The next teller used an unusual beater, too: a bone, held reversed to give a light, complex beat. A comic tale, this, of a magical cow that gave more milk than the clan knew what to do with, and he laughed with the rest at them at the floods, improvised buckets, and eventual persuasion of the embarrassing beast to depart.

He was less impressed with the next, a fairly standard tale of a magical wife won by stealing her swan robe. Then there was another comic tale, this time of geese trying to avoid the attentions of a fox. The introduction was less formal here: you couldn't describe this as a tale of “how the world was made” and keep a straight face. A pseudo military drumbeat showed the clumsy geese trying to march in step, and failing.

Then they were back to the more serious tales, that really were of how the world was made. “The Sons of Umath”: and again the invocation was of the Six Winds, not the Six Guardians. More serious yet – a Humakti praise-song for the dead, the drum a solemn knell for the deceased Sword and an affirmation of his dedication to his god.

More contrast now, as the next storyteller tried to cap an earlier tale. This, too, was of a fox trying to steal birds – chickens, this time. The drum was barely used, this Teller relied on his voice. A better-balanced tale, Arren thought. Three was the right number of attempts, though the moral at the end seemed forced. Still, the technique was excellent, with different voices for each of the three hens.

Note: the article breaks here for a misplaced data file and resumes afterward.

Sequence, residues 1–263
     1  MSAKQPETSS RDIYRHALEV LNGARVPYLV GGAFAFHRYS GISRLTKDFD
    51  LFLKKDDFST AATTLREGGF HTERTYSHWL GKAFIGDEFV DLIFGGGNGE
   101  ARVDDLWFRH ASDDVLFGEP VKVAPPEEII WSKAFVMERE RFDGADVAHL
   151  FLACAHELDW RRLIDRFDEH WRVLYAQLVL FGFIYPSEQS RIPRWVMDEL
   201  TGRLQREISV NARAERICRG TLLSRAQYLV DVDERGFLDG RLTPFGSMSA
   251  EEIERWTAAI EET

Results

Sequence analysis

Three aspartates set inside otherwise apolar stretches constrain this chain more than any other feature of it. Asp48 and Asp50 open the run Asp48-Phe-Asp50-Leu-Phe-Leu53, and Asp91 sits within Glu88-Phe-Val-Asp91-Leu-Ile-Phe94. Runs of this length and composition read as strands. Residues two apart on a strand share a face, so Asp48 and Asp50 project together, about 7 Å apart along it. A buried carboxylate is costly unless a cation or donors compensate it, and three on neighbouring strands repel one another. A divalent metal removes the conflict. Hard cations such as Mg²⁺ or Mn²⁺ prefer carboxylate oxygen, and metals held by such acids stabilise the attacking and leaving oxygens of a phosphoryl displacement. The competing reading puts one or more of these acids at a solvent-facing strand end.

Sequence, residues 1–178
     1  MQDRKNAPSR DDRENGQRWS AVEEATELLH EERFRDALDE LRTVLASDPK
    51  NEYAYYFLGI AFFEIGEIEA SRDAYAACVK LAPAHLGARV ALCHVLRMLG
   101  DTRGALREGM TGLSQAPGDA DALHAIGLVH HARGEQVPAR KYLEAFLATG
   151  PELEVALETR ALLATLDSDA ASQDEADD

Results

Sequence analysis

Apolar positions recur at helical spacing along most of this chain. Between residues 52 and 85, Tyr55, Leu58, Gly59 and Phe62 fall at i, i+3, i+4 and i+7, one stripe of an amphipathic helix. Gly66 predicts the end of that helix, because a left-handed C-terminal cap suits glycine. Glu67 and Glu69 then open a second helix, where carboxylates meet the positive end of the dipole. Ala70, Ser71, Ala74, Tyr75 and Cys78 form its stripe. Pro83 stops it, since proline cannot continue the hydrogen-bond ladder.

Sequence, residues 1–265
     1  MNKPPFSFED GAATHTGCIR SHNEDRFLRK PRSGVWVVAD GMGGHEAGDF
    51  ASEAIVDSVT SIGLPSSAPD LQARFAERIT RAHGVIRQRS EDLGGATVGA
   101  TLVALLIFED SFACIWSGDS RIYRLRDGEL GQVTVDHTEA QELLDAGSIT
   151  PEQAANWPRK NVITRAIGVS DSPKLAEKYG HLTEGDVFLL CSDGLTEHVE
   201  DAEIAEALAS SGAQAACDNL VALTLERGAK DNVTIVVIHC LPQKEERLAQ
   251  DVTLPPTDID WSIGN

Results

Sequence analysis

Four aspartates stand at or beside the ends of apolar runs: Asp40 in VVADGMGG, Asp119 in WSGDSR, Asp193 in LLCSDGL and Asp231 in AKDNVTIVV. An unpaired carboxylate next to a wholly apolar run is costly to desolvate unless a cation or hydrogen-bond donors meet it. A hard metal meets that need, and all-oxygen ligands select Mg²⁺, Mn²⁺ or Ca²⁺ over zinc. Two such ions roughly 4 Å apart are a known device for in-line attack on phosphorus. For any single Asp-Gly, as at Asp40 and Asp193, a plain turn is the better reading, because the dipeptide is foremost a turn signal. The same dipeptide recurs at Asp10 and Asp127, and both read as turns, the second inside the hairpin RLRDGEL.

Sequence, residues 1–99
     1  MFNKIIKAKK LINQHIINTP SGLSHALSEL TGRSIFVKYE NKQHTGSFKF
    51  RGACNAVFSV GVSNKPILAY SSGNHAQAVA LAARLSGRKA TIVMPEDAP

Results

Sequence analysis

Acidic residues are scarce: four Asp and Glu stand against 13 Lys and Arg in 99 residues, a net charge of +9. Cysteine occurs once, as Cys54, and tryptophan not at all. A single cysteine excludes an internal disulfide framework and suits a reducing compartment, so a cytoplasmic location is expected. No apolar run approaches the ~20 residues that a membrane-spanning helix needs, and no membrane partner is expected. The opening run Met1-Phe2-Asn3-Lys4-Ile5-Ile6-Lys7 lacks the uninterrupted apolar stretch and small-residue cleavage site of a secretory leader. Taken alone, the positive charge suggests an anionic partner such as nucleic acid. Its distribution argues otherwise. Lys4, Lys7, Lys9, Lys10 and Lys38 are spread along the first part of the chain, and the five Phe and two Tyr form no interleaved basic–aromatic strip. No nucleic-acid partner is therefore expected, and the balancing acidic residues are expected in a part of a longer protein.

It was getting close to his turn now, and that sick tension started to rise again. The next tale distracted him from it for a while – a gentle romance, with a soft repetitive, muffled beat on the drum. It was a while before he realised that he was hearing the rhythm of a turtle-dove's call. Interesting: the Teller was one of the most experienced here, and had laid the drum on the ground, using both hands to beat, and with the drum tensioned unevenly, so the hands played a duet, low and high notes answering each other.

The final tale, from the senior Teller: an enigmatic man who Arren feared for some reason he did not understand. Perhaps because he was such a very good Teller: with each tale, he became the characters, and Arren was left wondering who the real Teller was, if there was anyone at all behind the masks. He was looking directly at Arren as he made his introduction and invocation: his due as the host, true, but this was almost a challenge. He realised why as soon as the tale began. It was of an apprentice. An apprentice who was too clever, who challenged and angered his master, and who met a dreadful and horribly appropriate fate as a result.

And he was next. Eleven of the best Tellers in the land had performed here, least to greatest, so that the last was never overshadowed by what had come before, but topped it. And he had to follow – that. Without, as had just been made painfully clear, using gimmicks.

He took the drum. His drum. Despite all the people who had shown him things it could do that would never have occurred to him, it was still his drum, and could never be anyone else's, for one very simple reason.